Judge Roger Dive to retire after 50 years in law

Judge Roger Dive to retire after 50 years in law

13th July 2021 Off By adpublisher

It is a rare judge who receives a Christmas card from a prison inmate containing a cheery promise to “come and see you when I get out”.

It’s an even rarer judge who has fostered 60 children with his wife of almost 50 years. But NSW Drug Court Senior Judge Roger Dive makes empathy and a high-powered legal career look easy.

Senior Judge Roger Dive in chambers at the Parramatta Drug Court.Credit:Dominic Lorrimer

The former magistrate, head of the NSW Children’s Court and District Court judge has opted to retire next month at the age of 68, seven years shy of the judicial retirement age of 75, after 50 years in the justice system including 32 years on the bench.

He leaves behind a legion of fans, including former offenders, and plans to devote some of his time in retirement to volunteering with people experiencing homelessness.

Attorney-General Mark Speakman said Judge Dive’s “compassion for, understanding of, and dedication to, the people who appear before him is well known”, as was his “humanity, humility and intelligence”.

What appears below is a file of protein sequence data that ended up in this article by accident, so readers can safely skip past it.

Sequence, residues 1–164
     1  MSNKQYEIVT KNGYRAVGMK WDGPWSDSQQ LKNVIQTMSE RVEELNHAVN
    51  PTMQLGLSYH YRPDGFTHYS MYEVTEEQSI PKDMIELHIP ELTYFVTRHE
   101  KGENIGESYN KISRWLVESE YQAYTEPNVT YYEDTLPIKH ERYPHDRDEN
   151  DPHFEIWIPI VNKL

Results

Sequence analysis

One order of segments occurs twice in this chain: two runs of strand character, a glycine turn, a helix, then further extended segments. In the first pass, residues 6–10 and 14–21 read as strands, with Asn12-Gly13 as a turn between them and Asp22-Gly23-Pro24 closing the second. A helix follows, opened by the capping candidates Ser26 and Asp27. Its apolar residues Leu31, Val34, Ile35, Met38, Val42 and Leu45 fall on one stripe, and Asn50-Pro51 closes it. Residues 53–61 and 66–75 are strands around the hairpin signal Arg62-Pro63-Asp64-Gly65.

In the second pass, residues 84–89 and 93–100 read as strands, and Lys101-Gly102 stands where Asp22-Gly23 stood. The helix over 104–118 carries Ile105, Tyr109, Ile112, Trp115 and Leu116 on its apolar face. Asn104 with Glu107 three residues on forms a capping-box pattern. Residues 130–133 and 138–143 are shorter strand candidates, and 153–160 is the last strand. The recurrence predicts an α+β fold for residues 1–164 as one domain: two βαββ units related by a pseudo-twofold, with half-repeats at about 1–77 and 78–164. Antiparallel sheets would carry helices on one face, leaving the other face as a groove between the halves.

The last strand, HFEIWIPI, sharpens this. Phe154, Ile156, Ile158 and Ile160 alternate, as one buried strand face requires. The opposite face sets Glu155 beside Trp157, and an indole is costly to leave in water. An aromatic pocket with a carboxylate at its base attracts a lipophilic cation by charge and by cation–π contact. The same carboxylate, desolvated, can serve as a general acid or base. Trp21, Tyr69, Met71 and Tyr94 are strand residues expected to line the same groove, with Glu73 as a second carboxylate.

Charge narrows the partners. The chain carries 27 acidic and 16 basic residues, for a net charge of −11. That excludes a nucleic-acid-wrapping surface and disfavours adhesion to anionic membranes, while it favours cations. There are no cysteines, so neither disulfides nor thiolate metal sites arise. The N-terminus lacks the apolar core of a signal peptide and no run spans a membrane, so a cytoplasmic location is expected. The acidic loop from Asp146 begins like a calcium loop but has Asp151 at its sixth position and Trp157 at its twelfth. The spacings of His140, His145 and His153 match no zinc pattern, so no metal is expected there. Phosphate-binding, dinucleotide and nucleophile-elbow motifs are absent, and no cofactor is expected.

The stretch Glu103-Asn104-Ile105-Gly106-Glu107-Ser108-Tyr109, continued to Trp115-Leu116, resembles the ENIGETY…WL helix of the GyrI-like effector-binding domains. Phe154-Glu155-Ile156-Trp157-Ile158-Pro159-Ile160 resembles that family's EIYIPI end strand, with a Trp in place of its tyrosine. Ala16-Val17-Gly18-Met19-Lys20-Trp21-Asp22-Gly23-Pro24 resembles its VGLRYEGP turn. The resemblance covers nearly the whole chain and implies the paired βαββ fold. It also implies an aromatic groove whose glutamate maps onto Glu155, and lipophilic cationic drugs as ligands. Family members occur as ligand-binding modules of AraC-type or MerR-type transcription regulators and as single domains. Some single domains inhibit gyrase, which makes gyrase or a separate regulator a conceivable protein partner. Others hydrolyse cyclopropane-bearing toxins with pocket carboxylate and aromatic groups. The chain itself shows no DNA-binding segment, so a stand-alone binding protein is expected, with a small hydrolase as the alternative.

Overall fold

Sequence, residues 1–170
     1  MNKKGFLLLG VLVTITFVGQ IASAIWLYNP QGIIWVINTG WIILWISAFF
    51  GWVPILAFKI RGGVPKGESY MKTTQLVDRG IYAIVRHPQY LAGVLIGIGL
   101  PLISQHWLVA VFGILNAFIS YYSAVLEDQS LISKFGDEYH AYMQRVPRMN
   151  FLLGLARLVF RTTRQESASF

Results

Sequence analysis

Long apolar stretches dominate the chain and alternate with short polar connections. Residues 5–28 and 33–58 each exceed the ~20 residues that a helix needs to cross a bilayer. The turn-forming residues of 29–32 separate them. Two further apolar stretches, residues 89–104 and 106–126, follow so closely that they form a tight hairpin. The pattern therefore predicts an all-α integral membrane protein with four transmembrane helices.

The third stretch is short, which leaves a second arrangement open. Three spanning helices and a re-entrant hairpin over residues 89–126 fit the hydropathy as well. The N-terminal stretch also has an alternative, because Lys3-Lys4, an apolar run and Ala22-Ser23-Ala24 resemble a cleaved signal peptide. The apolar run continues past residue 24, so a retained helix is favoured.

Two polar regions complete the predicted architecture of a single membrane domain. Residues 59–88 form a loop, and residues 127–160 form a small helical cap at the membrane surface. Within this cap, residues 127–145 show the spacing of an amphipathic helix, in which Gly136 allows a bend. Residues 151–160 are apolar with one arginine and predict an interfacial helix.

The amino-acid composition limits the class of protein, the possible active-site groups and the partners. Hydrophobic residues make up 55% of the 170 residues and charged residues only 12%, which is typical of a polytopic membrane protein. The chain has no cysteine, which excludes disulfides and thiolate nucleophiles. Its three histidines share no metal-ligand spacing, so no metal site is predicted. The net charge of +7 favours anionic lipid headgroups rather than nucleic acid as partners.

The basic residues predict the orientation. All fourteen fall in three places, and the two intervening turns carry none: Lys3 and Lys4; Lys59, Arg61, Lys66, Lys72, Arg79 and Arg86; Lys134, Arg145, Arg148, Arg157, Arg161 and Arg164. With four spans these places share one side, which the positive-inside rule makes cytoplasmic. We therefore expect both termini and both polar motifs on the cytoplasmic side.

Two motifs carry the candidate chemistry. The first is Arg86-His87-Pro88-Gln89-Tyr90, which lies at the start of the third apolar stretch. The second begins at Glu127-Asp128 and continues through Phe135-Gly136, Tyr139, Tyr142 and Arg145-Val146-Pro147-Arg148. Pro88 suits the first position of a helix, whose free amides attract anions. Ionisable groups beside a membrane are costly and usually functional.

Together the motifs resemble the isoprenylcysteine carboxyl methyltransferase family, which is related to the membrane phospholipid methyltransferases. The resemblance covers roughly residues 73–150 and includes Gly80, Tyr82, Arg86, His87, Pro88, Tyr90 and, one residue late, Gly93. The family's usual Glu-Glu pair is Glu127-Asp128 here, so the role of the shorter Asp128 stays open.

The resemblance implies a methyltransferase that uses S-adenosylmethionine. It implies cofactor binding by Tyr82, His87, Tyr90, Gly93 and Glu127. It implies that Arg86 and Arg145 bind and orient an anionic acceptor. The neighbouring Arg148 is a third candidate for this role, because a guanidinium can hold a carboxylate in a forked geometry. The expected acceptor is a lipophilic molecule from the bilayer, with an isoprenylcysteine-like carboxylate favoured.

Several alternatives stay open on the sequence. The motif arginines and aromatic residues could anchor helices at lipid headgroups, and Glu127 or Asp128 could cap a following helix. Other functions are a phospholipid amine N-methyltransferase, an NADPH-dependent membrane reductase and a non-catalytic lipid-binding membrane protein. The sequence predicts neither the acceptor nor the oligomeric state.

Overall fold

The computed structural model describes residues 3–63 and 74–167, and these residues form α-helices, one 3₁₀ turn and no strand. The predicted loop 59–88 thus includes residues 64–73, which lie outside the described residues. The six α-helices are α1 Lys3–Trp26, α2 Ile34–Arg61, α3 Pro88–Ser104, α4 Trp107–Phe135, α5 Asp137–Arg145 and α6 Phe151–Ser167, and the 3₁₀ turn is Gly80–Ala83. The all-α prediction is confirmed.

The Sydney-born Judge Dive described his 17 years heading the specialist Drug Court, an Australian-first when established in 1999, as the “most exciting and interesting of my working life”.

The court sits in the Sydney CBD, Parramatta and the Hunter region and, thanks to a $27.9 million budget promise this year, will be expanded to Dubbo. He said it was exactly 15 years since he “laid out my grand plan” for Dubbo Drug Court, and he was “delighted it’s finally been announced”.

The court works with drug-dependent adults from the Local and District Courts who plead guilty to offences, excluding serious crimes such as sexual assault, and enrols them in a 12-month program aimed at keeping them out of prison by breaking the cycle of drug dependency and crime via intensive health and social support.

While some offenders may still be jailed, a decade-long study released last year found the reoffending rate among participants was 17 per cent lower than for people outside the program.